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E. Martin Spencer, K. O. Uthne and W. C. Arnold


In children with chronic renal insufficiency serum levels of somatomedin measured by radioreceptor assay were found to be strikingly elevated and were in the same range as in acromegaly in spite of decreased growth. The serum somatomedin level was inversely correlated with renal function and children on haemodialysis had the highest values. The elevated somatomedin was most likely due to progressive destruction of the kidney, the primary catabolic site for somatomedin and other polypeptides. After successful transplantation the somatomedin values fell to slightly above normal even though growth was still impaired. Using a bioassay based on the mitogenic property of somatomedin, a lower than normal rather than an increased level was found in chronic renal insufficiency suggesting that in uraemia an inhibitor to somatomedin bioactivity was present. It is concluded that the cause of the growth failure in chronic renal insufficiency and after transplantation is not due to a lack of somatomedin, but an inhibitor to its action could be a factor. It would appear that a normal somatomedin may be necessary for normal growth, but it is not sufficient.

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E. Martin Spencer, Erwin C. C. Si, Chung C. Liu and Guy A. Howard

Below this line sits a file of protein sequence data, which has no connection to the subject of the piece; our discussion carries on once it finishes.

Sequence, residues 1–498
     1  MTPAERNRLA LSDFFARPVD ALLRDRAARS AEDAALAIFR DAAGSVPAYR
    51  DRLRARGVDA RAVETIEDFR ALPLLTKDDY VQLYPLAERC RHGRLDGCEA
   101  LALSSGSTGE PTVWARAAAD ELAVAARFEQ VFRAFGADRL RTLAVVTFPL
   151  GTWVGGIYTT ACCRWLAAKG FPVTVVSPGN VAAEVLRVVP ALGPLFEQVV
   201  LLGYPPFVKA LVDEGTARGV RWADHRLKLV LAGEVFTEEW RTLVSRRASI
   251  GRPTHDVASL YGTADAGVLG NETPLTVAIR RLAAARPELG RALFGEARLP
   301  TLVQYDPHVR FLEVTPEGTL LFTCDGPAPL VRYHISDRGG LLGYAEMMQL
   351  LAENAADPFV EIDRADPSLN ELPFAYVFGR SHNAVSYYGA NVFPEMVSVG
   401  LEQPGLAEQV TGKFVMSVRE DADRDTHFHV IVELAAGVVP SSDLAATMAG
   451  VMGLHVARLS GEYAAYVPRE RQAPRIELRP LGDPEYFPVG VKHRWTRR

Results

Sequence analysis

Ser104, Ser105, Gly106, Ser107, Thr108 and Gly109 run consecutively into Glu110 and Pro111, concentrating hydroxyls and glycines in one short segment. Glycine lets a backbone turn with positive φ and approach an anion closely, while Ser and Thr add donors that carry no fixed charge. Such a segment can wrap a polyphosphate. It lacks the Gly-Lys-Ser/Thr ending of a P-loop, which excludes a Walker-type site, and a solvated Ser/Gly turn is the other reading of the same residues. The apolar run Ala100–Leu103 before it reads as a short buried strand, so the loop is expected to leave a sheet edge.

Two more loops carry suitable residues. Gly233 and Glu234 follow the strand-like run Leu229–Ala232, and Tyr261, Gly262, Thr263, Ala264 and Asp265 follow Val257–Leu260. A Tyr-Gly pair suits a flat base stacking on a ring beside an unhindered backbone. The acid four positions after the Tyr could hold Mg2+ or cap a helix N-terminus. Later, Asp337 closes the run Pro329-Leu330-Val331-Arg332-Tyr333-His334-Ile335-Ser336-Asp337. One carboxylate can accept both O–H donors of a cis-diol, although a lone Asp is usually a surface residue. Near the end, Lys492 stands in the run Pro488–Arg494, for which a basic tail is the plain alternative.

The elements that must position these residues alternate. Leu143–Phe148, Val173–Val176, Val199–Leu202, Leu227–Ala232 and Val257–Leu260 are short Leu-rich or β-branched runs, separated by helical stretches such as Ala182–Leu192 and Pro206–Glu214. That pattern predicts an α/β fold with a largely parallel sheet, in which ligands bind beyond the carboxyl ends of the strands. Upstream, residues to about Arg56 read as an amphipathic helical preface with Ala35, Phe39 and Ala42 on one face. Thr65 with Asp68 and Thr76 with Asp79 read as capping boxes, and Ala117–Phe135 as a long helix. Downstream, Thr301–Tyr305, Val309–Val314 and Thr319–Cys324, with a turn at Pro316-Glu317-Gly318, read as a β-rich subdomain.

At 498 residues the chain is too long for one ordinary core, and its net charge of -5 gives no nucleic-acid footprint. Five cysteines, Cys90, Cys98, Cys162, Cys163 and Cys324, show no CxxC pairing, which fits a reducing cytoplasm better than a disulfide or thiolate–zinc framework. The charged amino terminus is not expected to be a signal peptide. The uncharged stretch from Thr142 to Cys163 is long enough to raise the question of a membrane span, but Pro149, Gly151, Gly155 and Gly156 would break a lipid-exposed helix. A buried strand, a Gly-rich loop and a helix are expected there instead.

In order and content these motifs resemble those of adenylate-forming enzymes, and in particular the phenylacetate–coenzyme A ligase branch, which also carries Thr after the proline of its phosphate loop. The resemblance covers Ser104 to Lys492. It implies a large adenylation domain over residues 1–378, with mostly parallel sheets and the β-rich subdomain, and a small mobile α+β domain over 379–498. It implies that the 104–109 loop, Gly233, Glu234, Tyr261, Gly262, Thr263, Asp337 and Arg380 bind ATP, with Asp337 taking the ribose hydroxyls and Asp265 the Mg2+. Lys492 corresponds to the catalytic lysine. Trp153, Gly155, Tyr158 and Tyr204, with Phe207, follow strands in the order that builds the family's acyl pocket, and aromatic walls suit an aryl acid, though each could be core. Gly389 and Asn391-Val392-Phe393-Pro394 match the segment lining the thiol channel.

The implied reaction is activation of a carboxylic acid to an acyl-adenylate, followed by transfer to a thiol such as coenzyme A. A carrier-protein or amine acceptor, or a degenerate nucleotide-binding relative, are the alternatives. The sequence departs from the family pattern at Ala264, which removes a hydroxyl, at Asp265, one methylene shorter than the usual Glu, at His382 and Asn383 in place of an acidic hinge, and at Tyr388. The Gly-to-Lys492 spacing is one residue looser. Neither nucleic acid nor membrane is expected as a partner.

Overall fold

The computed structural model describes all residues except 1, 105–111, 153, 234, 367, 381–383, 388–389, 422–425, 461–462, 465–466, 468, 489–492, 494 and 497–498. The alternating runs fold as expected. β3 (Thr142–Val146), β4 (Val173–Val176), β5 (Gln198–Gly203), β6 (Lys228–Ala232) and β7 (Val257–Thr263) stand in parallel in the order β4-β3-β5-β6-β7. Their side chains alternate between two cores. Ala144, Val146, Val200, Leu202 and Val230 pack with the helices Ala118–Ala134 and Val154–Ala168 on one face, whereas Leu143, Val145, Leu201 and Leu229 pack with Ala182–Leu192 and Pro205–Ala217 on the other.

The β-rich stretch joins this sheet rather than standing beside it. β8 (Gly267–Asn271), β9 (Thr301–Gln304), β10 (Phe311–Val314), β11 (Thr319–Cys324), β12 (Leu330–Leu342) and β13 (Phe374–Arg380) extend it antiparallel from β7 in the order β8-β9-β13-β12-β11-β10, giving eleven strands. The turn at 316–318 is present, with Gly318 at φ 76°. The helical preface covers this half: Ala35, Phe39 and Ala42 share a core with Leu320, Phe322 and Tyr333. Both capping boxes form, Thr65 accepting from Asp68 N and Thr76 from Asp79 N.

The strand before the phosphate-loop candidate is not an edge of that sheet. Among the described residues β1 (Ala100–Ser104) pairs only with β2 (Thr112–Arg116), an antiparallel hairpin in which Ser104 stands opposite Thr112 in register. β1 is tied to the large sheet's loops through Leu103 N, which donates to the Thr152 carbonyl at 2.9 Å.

Insulin-like growth factor-I and parathyroid hormone are both known regulators of bone formation. In this study, human recombinant IGF-I and bovine PTH (1–34) and their combination were studied for their effects in vitro on the proliferation of embryonic chick osteoblast-like cells (osteoblasts) and in vivo on bone formation in normal rats. Osteoblasts from 17-day-old chick embryos were cultured in serum-free BGJb medium containing 0.1% bovine albumin. After 2 days, IGF-I and/or PTH were added. Twenty-four hours later [3H]thymidine incorporation into trichloroacetic acid precipitable material was quantified as an index of cell proliferation. This has previously been shown to reflect actual cell division. IGF-I at doses ranging from 0.85 to 13.6 nmol/l caused a dose-dependent increase in [3H]thymidine incorporation into osteoblasts. PTH alone (10 to 1000 pmol/l) had no significant effect. However, when combined with IGF-I, PTH potentiated the mitogenic effect of IGF-I and achieved statistical significance at 30 and 100 pmol/l (p <0.05). This potentiation was also studied in vivo. The right hindlimbs of rats weighing 150 g were infused intra-arterially by an osmotic minipump with graded doses of IGF-I (0.1 to 0.4 nmol/day) and/or PTH (0.27 nmol/day) for 7 days. The rate of trabecular bone apposition (formation) was measured by double tetracycline labelling and compared with the contralateral uninfused limb which acted as the control. Histomorphometric data revaled that neither IGF-I nor PTH alone had a significant effect on trabecular bone apposition rate compared with control limbs. The co-infusion of IGF-I (0.4 nmol/day) and PTH (0.27 nmol/day) resulted in a marked increase in trabecular bone apposition rate. The results of 2 studies were significant at p < 0.01. These data suggest that PTH potentiates the effect of IGF-I on bone formation both in vivo and in vitro.